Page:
Biographical, Local Heroes, Local Issues

‘Mike Jense Day’ in Provo

Click to see original imageThe Provo Chamber of
Commerce Aviation Committee
will honor Mike Jense Friday as a
prelude to Aviation Day at the
airport Saturday.
Designation of “Mike Jense
Day” provides a fitting recogni-
tion for a man who has been at the
forefront in aviation here for so
many years.
Mike. founder of the Central
Utah Aviation whose active
interest in flying dates back some
four decades, modestly would
share the honor with others who
have helped pioneer aviation in
the valley.
Indeed, without taking anything
away from his contribution, many
fliers have had a hand in the step-
by-step development of airports
and aviation in the area and in
popularizing flying.
Veteran Herald staffers well –
remember Charley Corbell, a
Provo flier back in the thirties.
His flight pioneering ended
tragically when he and his wife
and Leonard Thatcher were killed
in a fatal crash Jan. 22, 1939 when
the Provo Airport was located in
the southeast part of the city near
the golf course.
Mike Jense had a plane based
here even in those days.
Earlier, back in the 20s, Vern
Carter of Lake Shore was flying in
this area. (So was Milo Morrell.
Another of the early fliers was
Elmer Smith. Delles Nilsen
soloed in 1926, and was associated
closely with Mr. Carter for a
The contribution of Merrill
Christopherson and his wife
Lucille who became pilots and
operated the Provo Flying
Service would fill a large chapter
in any aviation history of Provo.
They are still actively engaged in
the flight service business.
Ralph Woodhouse and Eldon
Carter, who started the Spanish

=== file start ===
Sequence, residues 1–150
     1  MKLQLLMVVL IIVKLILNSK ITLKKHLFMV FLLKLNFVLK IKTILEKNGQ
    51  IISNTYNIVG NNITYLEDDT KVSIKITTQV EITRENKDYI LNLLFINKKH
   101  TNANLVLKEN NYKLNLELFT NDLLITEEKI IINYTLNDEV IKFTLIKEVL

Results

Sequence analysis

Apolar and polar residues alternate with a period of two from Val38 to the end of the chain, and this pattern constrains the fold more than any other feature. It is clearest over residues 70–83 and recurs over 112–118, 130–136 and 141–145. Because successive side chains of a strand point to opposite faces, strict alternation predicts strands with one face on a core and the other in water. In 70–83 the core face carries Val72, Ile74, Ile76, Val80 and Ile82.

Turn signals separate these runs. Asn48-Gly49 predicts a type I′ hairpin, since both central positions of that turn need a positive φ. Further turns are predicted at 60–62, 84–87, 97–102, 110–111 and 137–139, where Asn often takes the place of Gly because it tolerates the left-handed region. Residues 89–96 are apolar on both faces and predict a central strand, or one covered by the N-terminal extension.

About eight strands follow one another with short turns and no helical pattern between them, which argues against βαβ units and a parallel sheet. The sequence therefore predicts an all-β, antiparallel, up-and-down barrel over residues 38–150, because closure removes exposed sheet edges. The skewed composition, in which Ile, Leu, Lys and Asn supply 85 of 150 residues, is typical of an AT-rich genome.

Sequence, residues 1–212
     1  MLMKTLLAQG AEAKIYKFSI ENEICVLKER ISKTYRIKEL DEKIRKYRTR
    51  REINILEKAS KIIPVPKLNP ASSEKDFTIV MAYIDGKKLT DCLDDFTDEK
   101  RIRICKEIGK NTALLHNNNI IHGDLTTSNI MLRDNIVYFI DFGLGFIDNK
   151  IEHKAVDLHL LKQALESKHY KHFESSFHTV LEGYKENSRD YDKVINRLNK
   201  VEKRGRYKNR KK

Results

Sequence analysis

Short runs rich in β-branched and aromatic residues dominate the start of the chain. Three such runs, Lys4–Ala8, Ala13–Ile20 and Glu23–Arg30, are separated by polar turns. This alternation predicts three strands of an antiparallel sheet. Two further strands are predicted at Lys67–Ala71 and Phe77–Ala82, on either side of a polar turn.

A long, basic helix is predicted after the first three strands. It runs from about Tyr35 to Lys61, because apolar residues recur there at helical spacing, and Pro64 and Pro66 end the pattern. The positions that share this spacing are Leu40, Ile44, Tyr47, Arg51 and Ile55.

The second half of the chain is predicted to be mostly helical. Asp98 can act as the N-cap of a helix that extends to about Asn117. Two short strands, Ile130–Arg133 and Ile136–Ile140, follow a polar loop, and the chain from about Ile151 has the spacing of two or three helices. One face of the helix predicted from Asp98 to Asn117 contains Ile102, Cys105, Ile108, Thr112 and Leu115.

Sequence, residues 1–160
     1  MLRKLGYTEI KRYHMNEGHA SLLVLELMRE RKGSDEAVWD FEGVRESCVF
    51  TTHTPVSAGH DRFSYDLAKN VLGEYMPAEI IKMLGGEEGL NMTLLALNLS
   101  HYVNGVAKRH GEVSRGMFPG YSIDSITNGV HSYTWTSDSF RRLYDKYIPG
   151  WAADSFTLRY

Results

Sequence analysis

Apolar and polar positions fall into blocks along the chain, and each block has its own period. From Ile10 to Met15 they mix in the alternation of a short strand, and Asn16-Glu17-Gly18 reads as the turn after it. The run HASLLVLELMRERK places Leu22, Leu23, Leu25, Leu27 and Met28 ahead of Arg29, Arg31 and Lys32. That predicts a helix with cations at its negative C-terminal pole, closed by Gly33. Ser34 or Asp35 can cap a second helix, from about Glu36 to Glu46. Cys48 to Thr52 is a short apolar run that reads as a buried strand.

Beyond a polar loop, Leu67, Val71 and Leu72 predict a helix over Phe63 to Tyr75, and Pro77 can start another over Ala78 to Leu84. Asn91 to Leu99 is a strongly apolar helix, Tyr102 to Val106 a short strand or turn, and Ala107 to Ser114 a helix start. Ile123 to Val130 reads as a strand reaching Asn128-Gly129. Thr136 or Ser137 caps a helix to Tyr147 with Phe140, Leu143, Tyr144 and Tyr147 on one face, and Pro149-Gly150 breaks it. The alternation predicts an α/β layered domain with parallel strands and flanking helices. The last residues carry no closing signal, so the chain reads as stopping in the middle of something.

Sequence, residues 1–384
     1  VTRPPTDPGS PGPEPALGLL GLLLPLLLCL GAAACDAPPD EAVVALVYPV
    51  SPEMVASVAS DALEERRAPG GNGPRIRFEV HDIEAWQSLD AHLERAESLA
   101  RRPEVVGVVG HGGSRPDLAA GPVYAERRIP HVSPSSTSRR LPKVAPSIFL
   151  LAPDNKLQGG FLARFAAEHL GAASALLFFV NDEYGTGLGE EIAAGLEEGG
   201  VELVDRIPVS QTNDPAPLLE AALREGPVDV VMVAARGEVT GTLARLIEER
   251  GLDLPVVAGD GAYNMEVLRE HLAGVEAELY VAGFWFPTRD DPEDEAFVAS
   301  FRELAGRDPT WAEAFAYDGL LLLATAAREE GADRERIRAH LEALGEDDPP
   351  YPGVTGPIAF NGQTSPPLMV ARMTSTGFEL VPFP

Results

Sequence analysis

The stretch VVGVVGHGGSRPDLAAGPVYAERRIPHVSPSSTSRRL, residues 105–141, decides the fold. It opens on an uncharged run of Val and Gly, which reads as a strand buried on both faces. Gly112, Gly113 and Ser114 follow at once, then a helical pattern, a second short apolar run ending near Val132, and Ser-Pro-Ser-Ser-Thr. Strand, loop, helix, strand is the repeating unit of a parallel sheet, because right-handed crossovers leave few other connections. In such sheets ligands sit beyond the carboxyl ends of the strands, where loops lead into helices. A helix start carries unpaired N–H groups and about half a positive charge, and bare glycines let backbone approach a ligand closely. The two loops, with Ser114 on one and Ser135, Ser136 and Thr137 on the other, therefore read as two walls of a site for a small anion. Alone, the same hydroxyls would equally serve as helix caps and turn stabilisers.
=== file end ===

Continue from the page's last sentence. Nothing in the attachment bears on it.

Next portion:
Fork Airport, Willis Madsen and
undoubtedly, many others had a
hand in popularizing aviation in
the valley.
So Mike Jense is right when he
says there are ”a lot of guys” who
deserve honors for what they have
done for aviation.
Mr. Jense long has been known
as a skilled pilot, flight instructor,
and hneinassman -;a nmfessinnal
in his field. Among
accomplishments at the Provo
Airport in which he has had a
hand are the installation of an
instrument landing system and
beefing up of the main runway so
that the heavier jet aircraft of
today can be accommodated.
(Planes ranging up to the Boeing
727 can now land here.)
There are still vital needs –
additional electronic equipment,
more adequate roads, better fire
protection, sewer system, etc.
Men like Mr. Jense, together with
city officials, with the
encouragement of the C. of C.
committee and others. will
continue to work for these – and
the entire community will benefit.
Mr. Jense sees the Provo
Airports future in becoming a
“general aviation airport,” not an
airline stop. Some 160,000 general
aviation and business aircraft are
now operated in . the country,
compared with about 3000 airline
planes. –
The Herald joins in
congratulating Mr. Jense on his
contribution to aviation in Utah
and this area, and the Chamber of
Commerce committee for
honoring him in conjunction with
Aviation Day. Indeed this is a
good time to say thanks to all
those who have pioneered aviation
in the region.
So They Say
“‘1’he critics are pearshaped
gentlemen, all timid souls. They
were raised that way. They go
into the city in the office and sit
there and pound on the typewriter
and zip right back to their
residential area and that’s it.
They don’t want to be bothered by
physical frictions and conflicts…”
-Actor Charles Bronson in a
recent television interview.
”1 remember the feeling then –
that somehow by coming together
we could make a life in which
people would not kill or hurteach
other any more. It was conscience
of the young that this war was
– Folksinger Peter Yarrow
discussing the Vietnam anti-war